Can you imagine the reaction of those two when Jesus stopped and touched their eyes. I can. In August 1975 I came home again to news concerning my wife and her eyesight. My desperate wife had been to church with neighbors and Jesus touched her left eye [read about it here]. And a week later this healing began to take root in my heart when she passed the eye test and got her drivers license. Like the two in the story our lives had been turned upside down. And like them we began to follow Jesus.

Lord, have mercy on me, Son of David!

Whoever would be great ... must be your servant.

Then the mother of the sons of Zebedee came up to him with her sons, and kneeling before him she asked him for something. And he said to her, “What do you want?” She said to him, “Say that these two sons of mine are to sit, one at your right hand and one at your left, in your kingdom.” ... And when the ten heard it, they were indignant at the two brothers. But Jesus called them to him and said, “You know that the rulers of the Gentiles lord it over them, and their great ones exercise authority over them. It shall not be so among you. But whoever would be great among you must be your servant, and whoever would be first among you must be your slave, even as the Son of Man came not to be served but to serve, and to give his life as a ransom for many.”

The desire for power and authority can be a dark force in our lives. For many years my ambition for such position created such a dissatisfaction in my life. And in the end when I had such authority I found that I was really not suited for it. I remember coming to grips with that and thinking about how much energy I wasted wanting a position that I was not good at. Such is the seduction of power. We long to have it and are not happy when we get it. And in seeking such power our pride is exposed and on display for all to see.

Jesus speaks to this desire and tells us of the difference between earthy and heavenly power. When we look at his life we see a gentle authority that has its roots in compassion. We see in Jesus a humility beyond comprehension. The night before his death, at the Last Supper, Jesus tries to drive home the idea of servant leadership as he stoops down and washes filthy feet. In his life we get a picture of what it is like to lead.. in his actions we see one who serves.. and on the cross we understand the cost of such leadership.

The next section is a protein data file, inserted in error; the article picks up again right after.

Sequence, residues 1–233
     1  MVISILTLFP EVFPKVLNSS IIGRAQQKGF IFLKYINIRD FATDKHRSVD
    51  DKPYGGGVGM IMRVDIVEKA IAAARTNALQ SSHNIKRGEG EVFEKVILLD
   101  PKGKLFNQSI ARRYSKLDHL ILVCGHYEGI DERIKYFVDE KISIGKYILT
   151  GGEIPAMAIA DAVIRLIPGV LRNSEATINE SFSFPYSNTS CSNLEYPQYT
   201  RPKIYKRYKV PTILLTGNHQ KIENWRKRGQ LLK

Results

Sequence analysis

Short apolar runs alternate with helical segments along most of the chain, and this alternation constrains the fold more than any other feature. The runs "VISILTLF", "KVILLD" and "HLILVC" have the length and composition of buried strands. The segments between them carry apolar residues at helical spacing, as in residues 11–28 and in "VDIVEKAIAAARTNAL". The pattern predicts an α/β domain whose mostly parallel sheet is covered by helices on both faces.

I again repent of my desire for earthly power. Give me the heart of a servant.

You will be my Witnesses

So when they had come together, they asked him, “Lord, will you at this time restore the kingdom to Israel?” He said to them, “It is not for you to know times or seasons that the Father has fixed by his own authority. But you will receive power when the Holy Spirit has come upon you, and you will be my witnesses in Jerusalem and in all Judea and Samaria, and to the end of the earth.” And when he had said these things, as they were looking on, he was lifted up, and a cloud took him out of their sight. And while they were gazing into heaven as he went, behold, two men stood by them in white robes, and said, “Men of Galilee, why do you stand looking into heaven? This Jesus, who was taken up from you into heaven, will come in the same way as you saw him go into heaven.”

Can you imagine the shock on the disciples' faces as they watched Jesus lifted up and disappear into a cloud. This totally took them by surprise because they were expecting Jesus to restore the Kingdom to Israel. Their minds were on earthly answers and physical kingdoms. The dreams of a restored Israel disappeared with Jesus in the clouds. To these Jesus spoke of a heavenly kingdom and of spiritual power.

Jesus also speaks about how they will be his witnesses when the Holy Spirit comes upon them. Over the years I have got the impression from some folks that the word witness is a verb rather than a noun.. it is something you do rather than the person who you are. In truth our lives witness to the influence that the Holy Spirit has in our lives. When his influence is weak we witness a life of worry and fear. When it is strong we witness to something else.

I need you Lord. Help my life witness to the power of the Holy Spirit.

You will be baptized with the Holy Spirit